Computer security can be complicated. There are lots of programs and technologies out there to protect your computers and networks. Today we’re going to talk about the most basic form of protection: passwords. Everyone is familiar with passwords; you probably have several for your personal email account, your credit card and bank accounts, and maybe one for a social networking site. Passwords are sometimes your only line of defense, so it makes sense to manage them carefully. Here are a few tips on creating passwords.
First, make sure you use a password. I have been to many medical practices that failed to protect their computers with passwords. Not only does this violate the HIPAA security rule, it also makes it extremely easy for anyone to snoop around on your computer. Remember that the greatest threat you face is from insiders: employees, patients, or even the janitor. Any of these people could snoop through your files, access protected health information, view your financial data, or even steal from you.
Most Windows computers boot to the administrator account when you turn them on for the first time. The absolute first thing you should do is create a new user account, preferably with your first and last name, and give it a strong password. Avoid the temptation to just use the computer as-is. Creating a user account only takes a few minutes, and it will come in handy if you need to use secure file sharing.
Second, you should choose a strong password. Passwords do not help much if they are easy to guess. You should avoid using someone’s name, your pet’s name, your phone number, address, your birth date, or any complete word in any language, including Latin. Password crackers can easily guess words.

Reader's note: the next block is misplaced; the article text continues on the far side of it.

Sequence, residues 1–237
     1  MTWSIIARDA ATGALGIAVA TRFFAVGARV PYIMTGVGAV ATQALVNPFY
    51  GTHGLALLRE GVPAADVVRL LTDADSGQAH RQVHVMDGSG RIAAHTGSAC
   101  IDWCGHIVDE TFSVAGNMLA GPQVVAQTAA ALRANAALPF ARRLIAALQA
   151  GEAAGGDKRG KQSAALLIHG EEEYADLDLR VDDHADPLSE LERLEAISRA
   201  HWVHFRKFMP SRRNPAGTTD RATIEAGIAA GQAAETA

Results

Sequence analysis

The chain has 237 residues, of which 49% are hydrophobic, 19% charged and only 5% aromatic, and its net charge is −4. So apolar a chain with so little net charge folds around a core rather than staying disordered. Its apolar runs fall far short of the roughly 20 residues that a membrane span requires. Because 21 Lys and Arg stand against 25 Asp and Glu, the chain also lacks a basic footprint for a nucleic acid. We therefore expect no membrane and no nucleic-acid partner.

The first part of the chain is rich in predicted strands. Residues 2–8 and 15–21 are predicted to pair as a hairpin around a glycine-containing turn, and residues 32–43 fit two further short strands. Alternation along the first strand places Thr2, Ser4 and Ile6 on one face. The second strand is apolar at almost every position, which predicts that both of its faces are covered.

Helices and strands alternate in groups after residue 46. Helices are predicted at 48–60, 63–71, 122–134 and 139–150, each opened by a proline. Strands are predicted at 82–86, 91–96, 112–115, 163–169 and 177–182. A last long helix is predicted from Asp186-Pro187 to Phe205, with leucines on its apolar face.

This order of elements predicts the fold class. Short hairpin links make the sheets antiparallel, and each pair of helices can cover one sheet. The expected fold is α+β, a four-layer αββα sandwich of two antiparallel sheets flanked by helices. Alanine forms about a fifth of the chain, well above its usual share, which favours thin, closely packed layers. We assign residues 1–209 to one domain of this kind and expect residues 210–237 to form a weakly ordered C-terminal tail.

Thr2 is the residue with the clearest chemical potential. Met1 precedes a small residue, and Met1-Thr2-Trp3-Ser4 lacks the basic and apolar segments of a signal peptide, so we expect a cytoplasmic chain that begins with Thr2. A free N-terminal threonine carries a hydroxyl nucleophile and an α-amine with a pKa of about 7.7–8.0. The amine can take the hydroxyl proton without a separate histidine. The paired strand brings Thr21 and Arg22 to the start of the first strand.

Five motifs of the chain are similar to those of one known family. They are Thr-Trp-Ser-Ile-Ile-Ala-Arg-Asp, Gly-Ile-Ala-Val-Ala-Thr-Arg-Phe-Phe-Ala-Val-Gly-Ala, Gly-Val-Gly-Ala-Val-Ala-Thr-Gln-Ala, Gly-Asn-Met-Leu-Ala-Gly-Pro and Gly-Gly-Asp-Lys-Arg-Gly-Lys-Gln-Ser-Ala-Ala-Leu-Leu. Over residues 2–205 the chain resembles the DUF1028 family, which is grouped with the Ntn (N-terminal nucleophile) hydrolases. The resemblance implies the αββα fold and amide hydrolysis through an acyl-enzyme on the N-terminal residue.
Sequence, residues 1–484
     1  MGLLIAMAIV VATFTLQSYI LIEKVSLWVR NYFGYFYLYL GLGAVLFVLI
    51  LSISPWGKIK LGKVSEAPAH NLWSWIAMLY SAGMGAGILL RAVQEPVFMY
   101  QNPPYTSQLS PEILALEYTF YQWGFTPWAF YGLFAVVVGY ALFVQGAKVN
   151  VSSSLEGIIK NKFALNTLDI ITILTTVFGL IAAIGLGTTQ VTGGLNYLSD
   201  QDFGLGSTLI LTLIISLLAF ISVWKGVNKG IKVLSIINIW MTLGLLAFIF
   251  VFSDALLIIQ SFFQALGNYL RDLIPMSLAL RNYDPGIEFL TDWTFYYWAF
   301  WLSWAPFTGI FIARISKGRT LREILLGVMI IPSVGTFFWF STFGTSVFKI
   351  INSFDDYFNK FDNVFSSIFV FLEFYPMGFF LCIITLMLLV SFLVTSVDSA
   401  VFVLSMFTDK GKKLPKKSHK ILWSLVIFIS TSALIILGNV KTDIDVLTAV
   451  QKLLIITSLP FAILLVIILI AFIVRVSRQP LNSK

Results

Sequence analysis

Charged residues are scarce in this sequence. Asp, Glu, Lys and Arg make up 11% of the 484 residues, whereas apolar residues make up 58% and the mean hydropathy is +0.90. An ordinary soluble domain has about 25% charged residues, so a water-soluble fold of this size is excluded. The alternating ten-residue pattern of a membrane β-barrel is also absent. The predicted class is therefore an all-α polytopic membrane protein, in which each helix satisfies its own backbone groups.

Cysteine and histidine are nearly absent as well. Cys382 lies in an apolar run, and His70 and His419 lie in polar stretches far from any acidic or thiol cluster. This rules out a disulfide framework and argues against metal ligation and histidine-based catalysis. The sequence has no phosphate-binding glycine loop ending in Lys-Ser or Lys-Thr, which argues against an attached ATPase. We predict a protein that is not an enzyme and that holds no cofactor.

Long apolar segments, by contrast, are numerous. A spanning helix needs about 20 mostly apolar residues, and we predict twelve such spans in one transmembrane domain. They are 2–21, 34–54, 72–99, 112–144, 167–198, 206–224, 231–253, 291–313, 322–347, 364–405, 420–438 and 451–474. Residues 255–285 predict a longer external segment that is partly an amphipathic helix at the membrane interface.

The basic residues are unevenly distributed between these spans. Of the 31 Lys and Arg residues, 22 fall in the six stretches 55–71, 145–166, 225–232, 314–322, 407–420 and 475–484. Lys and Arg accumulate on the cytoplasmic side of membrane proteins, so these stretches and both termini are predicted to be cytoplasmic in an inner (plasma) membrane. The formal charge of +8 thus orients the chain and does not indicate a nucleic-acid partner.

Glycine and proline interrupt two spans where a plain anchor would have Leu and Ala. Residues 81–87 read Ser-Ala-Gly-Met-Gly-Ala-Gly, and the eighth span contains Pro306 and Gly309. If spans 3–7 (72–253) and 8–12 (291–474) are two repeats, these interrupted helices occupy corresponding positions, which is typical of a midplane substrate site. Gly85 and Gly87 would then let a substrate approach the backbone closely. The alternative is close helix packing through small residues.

The challenge is coming up with a strong password that is difficult to guess. The best way is to take bits and pieces of something you can remember. The last thing you want is a password you have to write down. Here are a few tricks to creating passwords. Some of these are stronger than others.
Swap letters with numbers and symbols. Take the word “password,” and exchange some of the characters like this: p455w0rd.
Interpose numbers between letters. This method is not as secure, but it is easy to remember. Instead of “password,” use p1a2s2s4w5o6r7d8.
Mix and match. Take some letters from your middle name, some letters from the town you grew up, and some digits from your parents’ phone number. For instance, you could use Allmar426.
Now that you have a strong password, be sure not to write it down anywhere, and definitely do not share it with anyone else.